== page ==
The most important of these is the “Glasgow Women’s Leadership Statement on Gender Equality and Climate Change”, which recognises that women and girls are disproportionately affected by climate change and commits to further strengthening efforts to support women and girls . Jointly sponsored by the Scottish Government and UN Women, and signed by 14 different countries on the first day, the statement will remain open for signatures until the 66th meeting of the Commission on the Status of Women in March 2022 [13, 14].
As stated above, prior to COP26, climate finance rarely focused on gender inequality-focused projects or assigned significant sums of money to projects led by women . According to UN Women, only 3% of Overseas Development Aid (ODA) presently focuses on the gendered impact of the climate crisis . In the light of these challenges, prior to COP26 the Women in Finance Climate Action Group reaffirmed the need for urgent action to improve gender equality when designing, delivering, and accessing private climate finance as well as to increase financial inclusion for women .
Some important steps to prioritise gender in climate finance were fortunately taken made at COP26. The UK, in particular, pledged £165 million towards tackling the climate crisis while addressing the systemic inequalities that make women and girls more vulnerable to climate impacts and also empowering them to take climate action . According to the UK Government, £45 million will be dedicated to the empowering of local communities in Asia and the Pacific, whereas the remaining £120 million will help build resilience, protect biodiversity, prevent pollution, strengthen renewable energy, and improve waste management e at the same time as supporting women’s leadership, access to finance, education, and skills in Bangladesh .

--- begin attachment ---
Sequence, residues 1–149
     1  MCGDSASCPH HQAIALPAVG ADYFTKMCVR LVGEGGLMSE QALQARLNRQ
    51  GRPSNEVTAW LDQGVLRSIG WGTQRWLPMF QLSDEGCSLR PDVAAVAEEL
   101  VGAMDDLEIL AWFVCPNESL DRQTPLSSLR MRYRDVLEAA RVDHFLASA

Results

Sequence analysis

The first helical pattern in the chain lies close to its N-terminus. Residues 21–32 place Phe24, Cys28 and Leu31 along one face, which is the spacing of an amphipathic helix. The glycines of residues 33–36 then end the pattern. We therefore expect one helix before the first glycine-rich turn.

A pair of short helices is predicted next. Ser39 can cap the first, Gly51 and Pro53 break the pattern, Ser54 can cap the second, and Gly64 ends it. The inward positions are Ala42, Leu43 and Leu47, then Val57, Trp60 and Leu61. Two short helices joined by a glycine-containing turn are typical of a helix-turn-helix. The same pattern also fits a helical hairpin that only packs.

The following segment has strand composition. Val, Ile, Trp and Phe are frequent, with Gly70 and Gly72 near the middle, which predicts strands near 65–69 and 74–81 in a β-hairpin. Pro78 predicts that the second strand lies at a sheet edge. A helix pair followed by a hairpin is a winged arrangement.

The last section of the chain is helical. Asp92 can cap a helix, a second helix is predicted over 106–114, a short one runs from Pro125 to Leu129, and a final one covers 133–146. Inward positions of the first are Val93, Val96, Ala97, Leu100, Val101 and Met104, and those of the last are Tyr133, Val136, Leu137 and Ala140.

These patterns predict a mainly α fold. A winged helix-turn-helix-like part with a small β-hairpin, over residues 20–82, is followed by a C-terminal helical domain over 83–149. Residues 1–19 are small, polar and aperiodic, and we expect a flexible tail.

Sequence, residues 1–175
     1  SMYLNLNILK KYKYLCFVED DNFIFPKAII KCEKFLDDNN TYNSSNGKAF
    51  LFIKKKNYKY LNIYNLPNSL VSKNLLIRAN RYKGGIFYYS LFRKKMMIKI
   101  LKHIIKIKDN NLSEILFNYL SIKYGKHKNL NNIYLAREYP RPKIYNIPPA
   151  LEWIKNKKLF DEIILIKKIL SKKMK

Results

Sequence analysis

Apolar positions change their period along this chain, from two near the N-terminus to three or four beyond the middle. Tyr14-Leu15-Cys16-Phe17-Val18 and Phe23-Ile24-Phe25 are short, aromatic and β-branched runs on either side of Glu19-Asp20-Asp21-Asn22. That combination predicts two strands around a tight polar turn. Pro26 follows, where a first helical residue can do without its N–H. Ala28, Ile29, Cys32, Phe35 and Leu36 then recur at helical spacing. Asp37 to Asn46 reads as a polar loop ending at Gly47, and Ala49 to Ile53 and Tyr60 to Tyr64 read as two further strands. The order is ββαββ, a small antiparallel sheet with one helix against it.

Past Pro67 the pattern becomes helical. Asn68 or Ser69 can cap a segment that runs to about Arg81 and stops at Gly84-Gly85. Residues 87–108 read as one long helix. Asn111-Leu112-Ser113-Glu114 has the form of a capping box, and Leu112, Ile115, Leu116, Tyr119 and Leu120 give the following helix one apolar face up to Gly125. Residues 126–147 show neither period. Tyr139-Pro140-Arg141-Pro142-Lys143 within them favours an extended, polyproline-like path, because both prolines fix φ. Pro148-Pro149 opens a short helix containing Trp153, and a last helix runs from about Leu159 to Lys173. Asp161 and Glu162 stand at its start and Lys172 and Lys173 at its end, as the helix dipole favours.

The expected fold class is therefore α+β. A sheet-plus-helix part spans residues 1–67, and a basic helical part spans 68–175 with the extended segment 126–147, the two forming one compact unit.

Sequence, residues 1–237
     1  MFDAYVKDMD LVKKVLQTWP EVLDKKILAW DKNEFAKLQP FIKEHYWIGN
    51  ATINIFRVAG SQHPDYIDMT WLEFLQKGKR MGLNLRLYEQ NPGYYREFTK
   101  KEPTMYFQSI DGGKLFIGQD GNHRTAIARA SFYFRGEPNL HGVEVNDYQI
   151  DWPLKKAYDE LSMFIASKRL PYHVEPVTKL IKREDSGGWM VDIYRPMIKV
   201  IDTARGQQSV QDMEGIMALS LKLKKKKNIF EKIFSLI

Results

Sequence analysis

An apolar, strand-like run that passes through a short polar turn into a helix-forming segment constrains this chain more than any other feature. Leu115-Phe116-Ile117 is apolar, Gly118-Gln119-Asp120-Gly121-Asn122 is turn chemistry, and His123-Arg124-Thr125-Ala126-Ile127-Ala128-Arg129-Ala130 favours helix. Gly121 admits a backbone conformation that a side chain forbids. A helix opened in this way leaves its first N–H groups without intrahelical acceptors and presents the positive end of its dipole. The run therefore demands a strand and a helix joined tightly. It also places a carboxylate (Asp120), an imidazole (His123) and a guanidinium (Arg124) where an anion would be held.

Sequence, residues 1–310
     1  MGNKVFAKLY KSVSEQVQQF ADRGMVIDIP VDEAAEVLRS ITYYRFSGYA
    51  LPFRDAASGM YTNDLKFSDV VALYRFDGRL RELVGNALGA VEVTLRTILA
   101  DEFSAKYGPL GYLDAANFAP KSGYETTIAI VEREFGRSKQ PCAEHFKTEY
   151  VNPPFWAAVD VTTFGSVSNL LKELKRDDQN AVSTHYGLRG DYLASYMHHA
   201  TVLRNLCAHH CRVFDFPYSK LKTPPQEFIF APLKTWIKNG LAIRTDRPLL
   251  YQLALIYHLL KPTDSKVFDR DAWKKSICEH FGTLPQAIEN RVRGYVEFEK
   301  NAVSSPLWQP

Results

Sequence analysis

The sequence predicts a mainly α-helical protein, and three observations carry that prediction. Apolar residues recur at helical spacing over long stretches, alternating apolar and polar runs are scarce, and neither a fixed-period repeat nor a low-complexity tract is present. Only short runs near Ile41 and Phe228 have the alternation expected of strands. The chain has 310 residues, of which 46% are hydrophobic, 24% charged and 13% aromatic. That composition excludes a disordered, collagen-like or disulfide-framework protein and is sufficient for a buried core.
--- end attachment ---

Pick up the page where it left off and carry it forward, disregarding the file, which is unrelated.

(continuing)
Although the UK’s announcement is certainly very welcome, as stated by WaterAid “sadly it is just a drop in the ocean of funding needed” . All we can hope is that other governments “follow suit and truly equip women and girls to be leaders in the fight against climate change, rather than victims, and to put gender equality at the heart of climate action” .
The Role of Education
A central theme that emerged during Gender Day at COP26, in fact, was the importance of empowering women to become leaders rather than victims in tackling the climate crisis, and the essential role of education. State leaders, such as Nicola Sturgeon, gave statements stressing the importance of ensuring equal access to education for women and girls since, as stated by Nobel Peace Prize laureate and education activist Malala Yousafzai herself:
“We cannot hope to build resilience for the decades ahead unless we educate all children. This especially is true for girls… Education prepares women to develop climate solutions, secure green jobs and address issues at the heart of this crisis” [20, 21].
However, despite the importance given to education for women and girls during the Gender Day panels, this issue was left outside of formal COP26 declarations, as well as the vast majority of newly submitted Nationally Determined Contributions (NDCs) . According to an assessment carried out by Education International, although 15 of the most recent NDCs mention girls, only Cambodia and the UK include girls’ education as part of their climate strategies . This reality starkly contrasts with what was said about the importance of prioritising women and girls during Gender Day.